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Short Coat Podcasts are long on impact

Date: Thursday, May 24, 2018

By Logan Grant, a UI senior majoring in journalism

Pick a topic—any topic—and you can likely find a podcast on it.

Eight years ago, through some innovative thinking on the part of UI Carver College of Medicine staff, the idea of producing a podcast with topics to entertain and inspire current and prospective medical students was born.

Meeting an information need

Today, The Short Coat Podcast delivers weekly installments for download to a hungry world-wide audience of more than 20,000 with a simple message: Here’s what it’s really like to be a student in medical school.

Dave Etler, a program coordinator in the college’s Writing and Humanities Program, came up with the idea for the podcast in 2010 while working as a clerk in the college. With the help of Jason Lewis, Writing and Humanities Program director, he was able to make his idea a reality.

Originally the podcast was created to interview guests coming to speak at the college, but the active group of students recruited to assist with production turned it into a weekly production offering something more—a litany of topics that were on their own minds.

No topic is sacred

Recent Short Coat topics include: family strife, parenting fails, unwanted sexual attention from patients, and romance when selecting a medical school.

The podcast uses questions sent in by listeners and current events to drive the discussion each week along with a few antics thrown in. The podcast aims to talk about issues in medical education and the experiences of Carver College of Medicine students that aren't always discussed in more official forums. Listeners are primarily undergraduate students considering medical school, but there’s evidence that medical students and medical professionals alike satisfy their guilty pleasures by listening in each week.

Group of students in recording studio

Participants in a recent Short Coat Podcast production are, from left, Vivian Zhu, Kyle Anderson, Kylie Miller, and Brady Campbell.

Joining in the fun

This reporter—who will never be a medical student—sat in on a recent production session and found the lively content and spontaneous repartee are things anyone can enjoy.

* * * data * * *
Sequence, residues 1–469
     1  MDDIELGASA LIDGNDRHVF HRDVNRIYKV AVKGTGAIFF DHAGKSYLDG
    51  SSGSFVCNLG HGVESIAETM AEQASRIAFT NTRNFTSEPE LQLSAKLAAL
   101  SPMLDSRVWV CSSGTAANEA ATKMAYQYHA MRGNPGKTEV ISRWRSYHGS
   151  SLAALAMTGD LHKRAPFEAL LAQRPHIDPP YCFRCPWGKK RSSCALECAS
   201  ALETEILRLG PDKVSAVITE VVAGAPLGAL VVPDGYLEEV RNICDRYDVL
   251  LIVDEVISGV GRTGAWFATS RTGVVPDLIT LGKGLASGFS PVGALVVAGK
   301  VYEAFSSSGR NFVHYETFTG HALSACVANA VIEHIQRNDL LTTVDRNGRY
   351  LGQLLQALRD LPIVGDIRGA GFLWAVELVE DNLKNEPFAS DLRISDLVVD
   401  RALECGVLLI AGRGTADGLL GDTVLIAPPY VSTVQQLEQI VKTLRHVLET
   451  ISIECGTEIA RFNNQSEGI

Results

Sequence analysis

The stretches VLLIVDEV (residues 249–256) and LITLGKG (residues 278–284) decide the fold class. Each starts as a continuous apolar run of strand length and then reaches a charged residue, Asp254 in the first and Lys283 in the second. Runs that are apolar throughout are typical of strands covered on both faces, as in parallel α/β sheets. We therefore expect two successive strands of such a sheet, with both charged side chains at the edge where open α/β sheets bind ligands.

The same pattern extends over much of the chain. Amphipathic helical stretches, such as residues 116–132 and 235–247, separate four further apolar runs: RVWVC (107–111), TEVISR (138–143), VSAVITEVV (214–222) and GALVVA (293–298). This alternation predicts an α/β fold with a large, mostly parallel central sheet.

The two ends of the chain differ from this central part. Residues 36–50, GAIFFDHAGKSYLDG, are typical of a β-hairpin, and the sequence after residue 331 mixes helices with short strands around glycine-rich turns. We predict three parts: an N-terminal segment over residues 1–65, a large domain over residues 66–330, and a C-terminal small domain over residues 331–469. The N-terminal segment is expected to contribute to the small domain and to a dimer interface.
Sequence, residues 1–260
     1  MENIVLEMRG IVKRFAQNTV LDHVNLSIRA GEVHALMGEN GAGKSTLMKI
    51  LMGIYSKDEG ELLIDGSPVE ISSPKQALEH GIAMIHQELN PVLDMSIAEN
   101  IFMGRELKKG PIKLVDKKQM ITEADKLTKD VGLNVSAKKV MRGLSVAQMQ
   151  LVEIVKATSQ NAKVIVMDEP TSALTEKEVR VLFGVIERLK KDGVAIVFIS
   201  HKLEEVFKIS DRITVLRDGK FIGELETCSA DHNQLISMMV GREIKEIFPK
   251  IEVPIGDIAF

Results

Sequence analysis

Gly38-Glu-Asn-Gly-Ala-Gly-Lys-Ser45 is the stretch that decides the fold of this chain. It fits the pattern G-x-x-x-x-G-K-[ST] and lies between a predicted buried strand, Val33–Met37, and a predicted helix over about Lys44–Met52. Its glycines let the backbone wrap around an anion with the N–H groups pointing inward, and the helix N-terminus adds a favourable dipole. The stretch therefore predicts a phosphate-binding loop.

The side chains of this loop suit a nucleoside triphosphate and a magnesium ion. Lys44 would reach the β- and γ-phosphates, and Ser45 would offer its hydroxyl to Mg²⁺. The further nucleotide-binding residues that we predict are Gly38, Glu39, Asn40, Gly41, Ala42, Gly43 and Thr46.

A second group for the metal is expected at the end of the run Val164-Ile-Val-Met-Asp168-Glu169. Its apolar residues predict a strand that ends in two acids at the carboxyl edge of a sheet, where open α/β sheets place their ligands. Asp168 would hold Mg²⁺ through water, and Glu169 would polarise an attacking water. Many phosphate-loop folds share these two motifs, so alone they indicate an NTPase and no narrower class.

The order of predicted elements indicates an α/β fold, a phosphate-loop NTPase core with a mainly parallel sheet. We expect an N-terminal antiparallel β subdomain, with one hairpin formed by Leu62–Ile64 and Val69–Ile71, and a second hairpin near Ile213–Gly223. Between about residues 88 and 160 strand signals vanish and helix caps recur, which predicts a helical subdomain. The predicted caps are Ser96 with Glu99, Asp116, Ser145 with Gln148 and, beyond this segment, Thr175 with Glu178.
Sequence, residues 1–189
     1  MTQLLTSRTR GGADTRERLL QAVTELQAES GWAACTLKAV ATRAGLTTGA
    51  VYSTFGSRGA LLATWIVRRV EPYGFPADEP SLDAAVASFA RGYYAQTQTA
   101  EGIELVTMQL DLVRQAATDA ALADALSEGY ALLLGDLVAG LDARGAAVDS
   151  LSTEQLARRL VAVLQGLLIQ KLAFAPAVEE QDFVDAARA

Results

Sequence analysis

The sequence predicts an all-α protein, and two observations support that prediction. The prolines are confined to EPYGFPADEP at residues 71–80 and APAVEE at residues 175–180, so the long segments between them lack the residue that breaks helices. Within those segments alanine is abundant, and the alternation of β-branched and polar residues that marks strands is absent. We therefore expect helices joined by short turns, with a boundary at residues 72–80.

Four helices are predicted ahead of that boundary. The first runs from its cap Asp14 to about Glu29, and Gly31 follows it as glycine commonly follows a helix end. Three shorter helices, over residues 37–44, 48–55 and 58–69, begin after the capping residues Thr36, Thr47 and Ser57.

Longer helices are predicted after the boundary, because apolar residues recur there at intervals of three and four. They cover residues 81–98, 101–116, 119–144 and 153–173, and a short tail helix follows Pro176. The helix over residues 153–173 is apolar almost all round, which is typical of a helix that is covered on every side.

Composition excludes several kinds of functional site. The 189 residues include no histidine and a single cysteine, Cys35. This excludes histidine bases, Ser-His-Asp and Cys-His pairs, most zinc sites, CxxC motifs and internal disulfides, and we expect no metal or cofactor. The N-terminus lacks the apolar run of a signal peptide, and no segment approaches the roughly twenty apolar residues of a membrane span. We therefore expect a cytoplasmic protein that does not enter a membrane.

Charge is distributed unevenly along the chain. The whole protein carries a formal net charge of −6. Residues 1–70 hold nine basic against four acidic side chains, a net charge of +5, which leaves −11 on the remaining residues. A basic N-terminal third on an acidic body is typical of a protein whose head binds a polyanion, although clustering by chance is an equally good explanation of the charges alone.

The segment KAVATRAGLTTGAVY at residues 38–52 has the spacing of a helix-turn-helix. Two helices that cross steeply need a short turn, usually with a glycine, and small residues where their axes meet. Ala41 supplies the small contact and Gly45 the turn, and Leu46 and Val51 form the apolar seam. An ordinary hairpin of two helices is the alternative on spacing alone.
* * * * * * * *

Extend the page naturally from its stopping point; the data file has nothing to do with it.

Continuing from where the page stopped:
Etler himself isn’t a doctor or medical student but he plays the role of the naïve observer, asking questions others might have.

This guest, who was invited to join in the discussion, observed a production with three key parts, which turns out to be typical of most Short Coat offerings.

A winning formula

Etler starts by asking the week’s cohosts (they vary each week and are filled on a first-come, first-served basis) a question sent in by a listener. This week’s question: “Do older students entering medical school have an advantage on the younger ones?”

To Etler this is one of the most rewarding parts of doing the podcast. It makes it worth it to have engaged listeners around the globe and to hear questions from them.

“One of my favorite things about producing the Short Coat Podcast is when listeners come to me and thank me for doing the podcast,” Etler says. “I’m not sure all podcasters get to experience that but I do, and I love it because it means we are doing something worthwhile.” 

Next, the group discusses different current events. Today’s was the “Laurel or Yanny” viral sound clip and why it sounds different to different people.

Most productions wrap up with Etler keeping things fun through some kind of game. He wants the podcast to be a way for the students to wind down from the stress of medicine. The show also allows the cohosts to have a protective space every week to reflect on what they are becoming as future physicians.

The students’ passion for the podcast is evident. Being able to hear from four to five individuals instead of just one is what makes this podcast the most impactful. Many of the cohosts are from different years in medical school and have varying medical and educational backgrounds, which add yet another layer of depth to this podcast.

Etler has a way of making talking about medicine exciting for everyone. When you listen to the podcast you can tell the cohosts enjoy the opportunity to share their thoughts and advice with the listeners in this unscripted way.

A tight schedule

On Mondays Etler sends out a possible podcast topic and recruits a panel of med students to host that week. By Tuesday his panel is selected. Fridays are recording days, with each session eating up only a modest two hours in the busy students’ schedules.

Etler then takes the recordings and edits into podcast format, with a new episode introduced each Thursday.

Getting noticed

Recently Iowa Public Radio featured the Short Coat Podcasts as a first-rate example of Iowa-made web features. Etler and the team also received a 2018 Improving Our Workplace Award from the University.

If you haven’t checked out the Short Coat Podcast you need to. Episodes air every Thursday and can be found on the Short Coat Podcast website or through iTunes, Android, Stitcher, TuneIn, and more.